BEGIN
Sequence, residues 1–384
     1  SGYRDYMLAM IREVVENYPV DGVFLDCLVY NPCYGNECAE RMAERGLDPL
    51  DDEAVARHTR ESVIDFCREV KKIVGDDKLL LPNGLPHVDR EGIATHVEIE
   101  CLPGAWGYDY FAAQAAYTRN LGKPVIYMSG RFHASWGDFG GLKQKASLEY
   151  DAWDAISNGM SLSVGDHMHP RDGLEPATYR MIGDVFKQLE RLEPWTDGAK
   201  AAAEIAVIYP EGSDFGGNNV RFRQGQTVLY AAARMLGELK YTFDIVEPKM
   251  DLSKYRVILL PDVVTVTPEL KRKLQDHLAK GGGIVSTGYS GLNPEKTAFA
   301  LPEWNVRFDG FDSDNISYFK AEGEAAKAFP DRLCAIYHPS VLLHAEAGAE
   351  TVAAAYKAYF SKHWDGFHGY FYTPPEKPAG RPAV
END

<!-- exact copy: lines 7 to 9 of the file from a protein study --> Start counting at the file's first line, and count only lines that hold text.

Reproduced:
   251  DLSKYRVILL PDVVTVTPEL KRKLQDHLAK GGGIVSTGYS GLNPEKTAFA
   301  LPEWNVRFDG FDSDNISYFK AEGEAAKAFP DRLCAIYHPS VLLHAEAGAE
   351  TVAAAYKAYF SKHWDGFHGY FYTPPEKPAG RPAV